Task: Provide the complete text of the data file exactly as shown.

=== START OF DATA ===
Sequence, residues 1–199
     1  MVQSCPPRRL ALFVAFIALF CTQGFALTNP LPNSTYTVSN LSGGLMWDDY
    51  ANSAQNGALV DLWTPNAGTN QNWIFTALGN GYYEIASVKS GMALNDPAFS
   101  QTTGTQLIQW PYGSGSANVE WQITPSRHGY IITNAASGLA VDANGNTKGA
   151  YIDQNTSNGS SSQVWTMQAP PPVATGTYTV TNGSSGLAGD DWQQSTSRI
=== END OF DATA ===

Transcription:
Sequence, residues 1–199
     1  MVQSCPPRRL ALFVAFIALF CTQGFALTNP LPNSTYTVSN LSGGLMWDDY
    51  ANSAQNGALV DLWTPNAGTN QNWIFTALGN GYYEIASVKS GMALNDPAFS
   101  QTTGTQLIQW PYGSGSANVE WQITPSRHGY IITNAASGLA VDANGNTKGA
   151  YIDQNTSNGS SSQVWTMQAP PPVATGTYTV TNGSSGLAGD DWQQSTSRI